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Bad flu season worsens as Boston declares emergency

Boston Mayor Thomas Menino declares a public health emergency after facing a surge in flu cases, as health officials around the US scramble to cope with the rising number of patients. NBC's Mark Barger reports.

The nation's severe flu season continued to worsen Wednesday, with reports of hospitals overflowing with sick patients and at least one major U.S. city declaring an influenza emergency and urging citizens to get vaccinated before the peak is reached.

In Boston, Mayor Thomas Menino declared a public health emergency because of a sharp rise in cases. That city has seen about 700 confirmed cases of influenza since the season began in October, a 10-fold jump over the 70 cases reported for all of last year, said Nick Martin, a spokesman for the Boston Public Health Commission.

While last year was an unusually mild flu season, according to government health officials, this year's numbers are worrisome, the city's mayor said.

"This is the worst flu season we've seen since 2009, and people should take the threat of flu seriously," Menino said in a news release. "This is not only a health concern, but also an economic concern for families, and I'm urging residents to get vaccinated if they haven't already. It's the best thing you can do to protect yourself and your family.  If you're sick, please stay home from work or school."

Flu cases have accounted for more than 4 percent of Boston emergency room visits recently, and about a quarter of those patients have required hospitalization, said Martin. The city has recorded four deaths since October, Martin said. All of those deaths were in elderly people. Community health clinics will offer free flu shots to citizens this weekend, Martin added.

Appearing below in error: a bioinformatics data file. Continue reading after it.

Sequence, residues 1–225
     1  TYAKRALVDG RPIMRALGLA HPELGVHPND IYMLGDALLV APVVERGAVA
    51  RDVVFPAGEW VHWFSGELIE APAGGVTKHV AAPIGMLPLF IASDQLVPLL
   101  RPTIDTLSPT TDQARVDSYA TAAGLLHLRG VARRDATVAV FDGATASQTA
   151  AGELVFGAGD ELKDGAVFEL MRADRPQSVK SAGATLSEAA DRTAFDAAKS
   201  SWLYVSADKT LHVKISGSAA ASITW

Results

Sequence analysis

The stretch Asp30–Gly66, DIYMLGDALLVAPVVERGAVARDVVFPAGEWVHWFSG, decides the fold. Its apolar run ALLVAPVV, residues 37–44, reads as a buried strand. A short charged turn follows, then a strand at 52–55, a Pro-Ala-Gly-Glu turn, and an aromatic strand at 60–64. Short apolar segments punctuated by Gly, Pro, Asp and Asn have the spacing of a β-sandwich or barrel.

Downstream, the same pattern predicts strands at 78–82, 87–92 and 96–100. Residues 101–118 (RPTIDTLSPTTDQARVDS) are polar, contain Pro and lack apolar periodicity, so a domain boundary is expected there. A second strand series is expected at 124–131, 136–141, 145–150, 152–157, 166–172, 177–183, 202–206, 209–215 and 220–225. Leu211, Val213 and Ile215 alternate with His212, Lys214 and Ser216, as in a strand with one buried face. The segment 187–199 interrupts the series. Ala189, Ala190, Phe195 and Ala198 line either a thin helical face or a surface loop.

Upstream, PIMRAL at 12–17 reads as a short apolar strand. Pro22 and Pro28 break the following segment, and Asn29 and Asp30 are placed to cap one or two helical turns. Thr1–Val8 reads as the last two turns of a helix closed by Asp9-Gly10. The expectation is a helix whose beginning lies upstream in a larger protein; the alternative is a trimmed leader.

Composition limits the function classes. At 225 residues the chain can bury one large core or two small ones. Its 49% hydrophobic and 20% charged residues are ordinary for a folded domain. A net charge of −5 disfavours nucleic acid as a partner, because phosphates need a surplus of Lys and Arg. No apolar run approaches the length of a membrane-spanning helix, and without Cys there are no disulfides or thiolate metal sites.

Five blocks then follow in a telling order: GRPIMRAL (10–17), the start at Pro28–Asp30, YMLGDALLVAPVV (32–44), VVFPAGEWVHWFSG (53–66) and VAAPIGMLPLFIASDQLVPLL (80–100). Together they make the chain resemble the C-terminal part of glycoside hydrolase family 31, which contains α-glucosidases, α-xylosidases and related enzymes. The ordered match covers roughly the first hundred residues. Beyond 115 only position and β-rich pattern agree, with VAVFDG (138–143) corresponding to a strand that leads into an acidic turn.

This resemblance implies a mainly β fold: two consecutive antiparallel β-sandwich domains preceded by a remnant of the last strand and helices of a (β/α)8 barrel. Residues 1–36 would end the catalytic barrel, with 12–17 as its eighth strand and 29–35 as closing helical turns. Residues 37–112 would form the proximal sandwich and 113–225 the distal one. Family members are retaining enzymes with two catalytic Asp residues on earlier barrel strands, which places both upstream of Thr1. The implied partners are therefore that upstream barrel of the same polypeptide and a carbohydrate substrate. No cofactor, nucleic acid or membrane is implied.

Nationwide, the flu has spread to more than 80 percent of the U.S., latest figures from the Centers for Disease Control and Prevention indicated. More than 2,200 people had been hospitalized since October, and 18 children have died. Other viruses besides the flu are also circulating -- CDC data shows only about a third of all people with flu-like symptoms actually are testing positive for influenza.

The severe season, the earliest in nearly a decade, is starting to strain hospitals across the country. In Milwaukee, emergency departments have been forced to divert incoming ambulances to other hospitals because they've been flooded with older patients with severe flu-like symptoms, according to the Milwaukee Journal Sentinel newspaper. Several of Milwaukee's 11 hospitals have reported so-called "rolling diversions" because of flu patients, the paper reported.

In Delaware, the Christiana Care Health System has expanded its emergency room into a nearby conference room to accommodate the jump in flu cases, officials told NBC News.

The bad season has been blamed on an especially virulent flu strain, the A H3N2 strain. Another A strain, H1N1, and two influenza B strains are also causing illness. Vaccines prepared for this year are a good match for three of the viruses, although one strain of influenza B is not covered by the vaccine and may be accounting for 8 percent to 10 percent of flu cases, according to infectious disease experts.  

It can take two weeks for the flu shot to provide full protection, and in the interim, people may still get sick, health officials caution. The shots don't provide 100 percent protection, only between 65 percent and 80 percent in a healthy person, but they can lessen the severity and duration of symptoms. The earlier people get shots, the sooner they'll be protected, health officials add.

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